The Hechinger Report recently published an article (also picked up by The Washington Post) that explores some of the challenges associated with a growing credential landscape that lacks the transparency needed by learners and workers to overcome barriers. As the article states:
There is, in fact, a “maze” of 967,734 unique education credentials in the United States, the nonprofit Credential Engine reports, including not only degrees but also badges, certificates, licenses, apprenticeships and industry certifications. The figure is expected to have only grown during the pandemic as more people seek education and training.
This is causing growing confusion among employers scrambling for workers — and increasing concern among university registrars and others about whether unsavory players may be taking advantage of the situation to sell fraudulent credentials…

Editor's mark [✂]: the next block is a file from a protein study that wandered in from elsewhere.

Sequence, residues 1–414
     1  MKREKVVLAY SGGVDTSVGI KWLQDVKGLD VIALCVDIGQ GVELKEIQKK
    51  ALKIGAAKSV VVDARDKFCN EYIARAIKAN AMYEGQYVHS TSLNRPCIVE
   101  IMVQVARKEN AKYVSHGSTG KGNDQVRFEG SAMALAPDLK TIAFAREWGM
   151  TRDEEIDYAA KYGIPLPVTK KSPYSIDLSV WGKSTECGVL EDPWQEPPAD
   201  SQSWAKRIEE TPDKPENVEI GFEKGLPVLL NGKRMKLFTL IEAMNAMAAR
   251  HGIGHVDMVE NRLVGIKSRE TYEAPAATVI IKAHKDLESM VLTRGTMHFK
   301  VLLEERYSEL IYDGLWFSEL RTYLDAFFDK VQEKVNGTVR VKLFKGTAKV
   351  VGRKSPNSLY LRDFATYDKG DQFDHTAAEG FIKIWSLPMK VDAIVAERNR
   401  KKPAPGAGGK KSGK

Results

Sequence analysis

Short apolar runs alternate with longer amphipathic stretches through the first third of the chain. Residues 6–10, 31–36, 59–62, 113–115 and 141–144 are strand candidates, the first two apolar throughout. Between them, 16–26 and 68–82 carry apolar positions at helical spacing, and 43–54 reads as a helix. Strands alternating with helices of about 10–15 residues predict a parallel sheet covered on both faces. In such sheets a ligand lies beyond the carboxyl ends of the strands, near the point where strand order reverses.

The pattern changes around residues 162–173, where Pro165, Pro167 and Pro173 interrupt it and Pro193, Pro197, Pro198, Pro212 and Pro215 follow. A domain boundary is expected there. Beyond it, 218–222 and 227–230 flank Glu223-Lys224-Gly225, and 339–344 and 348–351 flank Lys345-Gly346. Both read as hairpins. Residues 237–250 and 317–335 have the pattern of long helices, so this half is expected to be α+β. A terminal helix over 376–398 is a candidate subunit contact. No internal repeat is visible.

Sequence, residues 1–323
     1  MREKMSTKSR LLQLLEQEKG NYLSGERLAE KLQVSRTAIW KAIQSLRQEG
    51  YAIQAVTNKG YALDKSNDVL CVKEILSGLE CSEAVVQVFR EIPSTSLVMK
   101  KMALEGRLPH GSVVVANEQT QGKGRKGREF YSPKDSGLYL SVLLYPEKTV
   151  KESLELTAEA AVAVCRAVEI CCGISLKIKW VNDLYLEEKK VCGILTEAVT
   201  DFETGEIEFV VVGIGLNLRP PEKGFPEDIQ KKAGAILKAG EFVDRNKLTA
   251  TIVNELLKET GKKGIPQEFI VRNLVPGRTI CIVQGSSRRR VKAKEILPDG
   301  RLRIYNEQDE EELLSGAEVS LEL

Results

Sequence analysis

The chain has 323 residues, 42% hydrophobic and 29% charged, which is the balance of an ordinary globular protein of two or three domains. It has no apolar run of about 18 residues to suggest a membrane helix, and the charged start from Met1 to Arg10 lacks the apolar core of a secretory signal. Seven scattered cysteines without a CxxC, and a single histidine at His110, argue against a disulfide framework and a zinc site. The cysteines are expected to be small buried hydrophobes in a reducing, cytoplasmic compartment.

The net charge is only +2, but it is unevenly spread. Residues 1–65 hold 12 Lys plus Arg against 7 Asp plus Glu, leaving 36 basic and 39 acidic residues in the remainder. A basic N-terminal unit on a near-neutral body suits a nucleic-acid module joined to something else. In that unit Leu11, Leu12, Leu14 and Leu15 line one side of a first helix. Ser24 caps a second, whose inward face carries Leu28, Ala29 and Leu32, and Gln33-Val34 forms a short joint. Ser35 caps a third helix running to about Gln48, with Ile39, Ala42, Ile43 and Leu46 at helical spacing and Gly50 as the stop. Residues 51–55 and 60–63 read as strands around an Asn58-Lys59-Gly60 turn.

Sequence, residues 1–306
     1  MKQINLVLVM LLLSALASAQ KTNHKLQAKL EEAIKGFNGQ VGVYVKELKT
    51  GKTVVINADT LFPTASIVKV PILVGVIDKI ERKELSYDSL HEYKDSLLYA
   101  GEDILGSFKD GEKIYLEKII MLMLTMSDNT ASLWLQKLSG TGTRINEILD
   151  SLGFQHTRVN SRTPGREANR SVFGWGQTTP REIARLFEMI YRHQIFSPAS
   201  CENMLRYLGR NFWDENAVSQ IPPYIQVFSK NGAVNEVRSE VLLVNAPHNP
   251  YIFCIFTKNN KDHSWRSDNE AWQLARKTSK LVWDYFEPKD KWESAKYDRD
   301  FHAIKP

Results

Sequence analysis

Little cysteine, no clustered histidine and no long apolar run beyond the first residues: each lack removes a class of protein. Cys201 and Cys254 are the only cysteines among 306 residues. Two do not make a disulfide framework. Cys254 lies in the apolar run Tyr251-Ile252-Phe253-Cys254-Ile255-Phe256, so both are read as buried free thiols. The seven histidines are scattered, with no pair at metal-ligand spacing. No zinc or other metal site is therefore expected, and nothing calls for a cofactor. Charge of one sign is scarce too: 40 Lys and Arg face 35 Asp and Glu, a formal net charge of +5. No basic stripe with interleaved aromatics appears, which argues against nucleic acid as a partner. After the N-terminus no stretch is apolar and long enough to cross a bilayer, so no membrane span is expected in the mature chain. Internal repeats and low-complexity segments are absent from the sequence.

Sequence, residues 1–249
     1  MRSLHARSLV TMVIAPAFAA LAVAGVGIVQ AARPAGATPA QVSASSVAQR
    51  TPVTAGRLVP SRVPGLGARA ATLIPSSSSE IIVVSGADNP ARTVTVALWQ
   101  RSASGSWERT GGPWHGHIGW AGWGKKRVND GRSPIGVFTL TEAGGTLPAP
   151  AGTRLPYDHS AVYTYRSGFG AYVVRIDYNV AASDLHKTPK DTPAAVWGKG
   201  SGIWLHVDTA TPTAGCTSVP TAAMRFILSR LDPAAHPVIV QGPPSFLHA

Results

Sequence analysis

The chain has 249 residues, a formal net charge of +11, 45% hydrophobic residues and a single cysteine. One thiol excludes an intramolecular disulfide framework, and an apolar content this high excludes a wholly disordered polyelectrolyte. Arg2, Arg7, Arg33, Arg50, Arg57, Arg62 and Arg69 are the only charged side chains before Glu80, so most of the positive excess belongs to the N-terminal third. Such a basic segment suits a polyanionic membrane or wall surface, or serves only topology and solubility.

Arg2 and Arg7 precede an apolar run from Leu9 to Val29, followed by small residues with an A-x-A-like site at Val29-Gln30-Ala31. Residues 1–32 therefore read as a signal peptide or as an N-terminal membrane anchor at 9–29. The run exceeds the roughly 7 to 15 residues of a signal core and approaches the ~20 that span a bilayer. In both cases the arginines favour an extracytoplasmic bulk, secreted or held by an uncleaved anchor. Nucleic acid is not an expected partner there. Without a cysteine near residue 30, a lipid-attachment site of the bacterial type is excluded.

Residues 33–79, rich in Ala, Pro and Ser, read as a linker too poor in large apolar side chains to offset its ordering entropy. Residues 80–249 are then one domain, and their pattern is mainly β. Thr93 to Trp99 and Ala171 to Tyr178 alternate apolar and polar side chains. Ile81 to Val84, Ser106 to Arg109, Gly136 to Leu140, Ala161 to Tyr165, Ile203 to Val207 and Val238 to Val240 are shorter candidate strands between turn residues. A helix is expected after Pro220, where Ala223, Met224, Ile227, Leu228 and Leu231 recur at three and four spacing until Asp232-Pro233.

Backed by employers, Credential Engine is building a registry of credentials with the formidable goal of eventually listing all of them, along with the format of instruction, whether they’re accredited, how long they take and what jobs they may lead to.
“It’s a shame, and it’s also a bit of a social crime that we don’t make this information freely available yet to all consumers,” said Scott Cheney, Credential Engine’s CEO.
“There are credentials that are offered legally that don’t help move someone along,” Cheney said. “They leave people in debt, they don’t lead to jobs, they aren’t respected by employers. If you live in any major city, you’re going to see ads on the bus advertising those programs. I want to make sure people can get information about whether or not what’s in that ad has value or leads to a dead end.”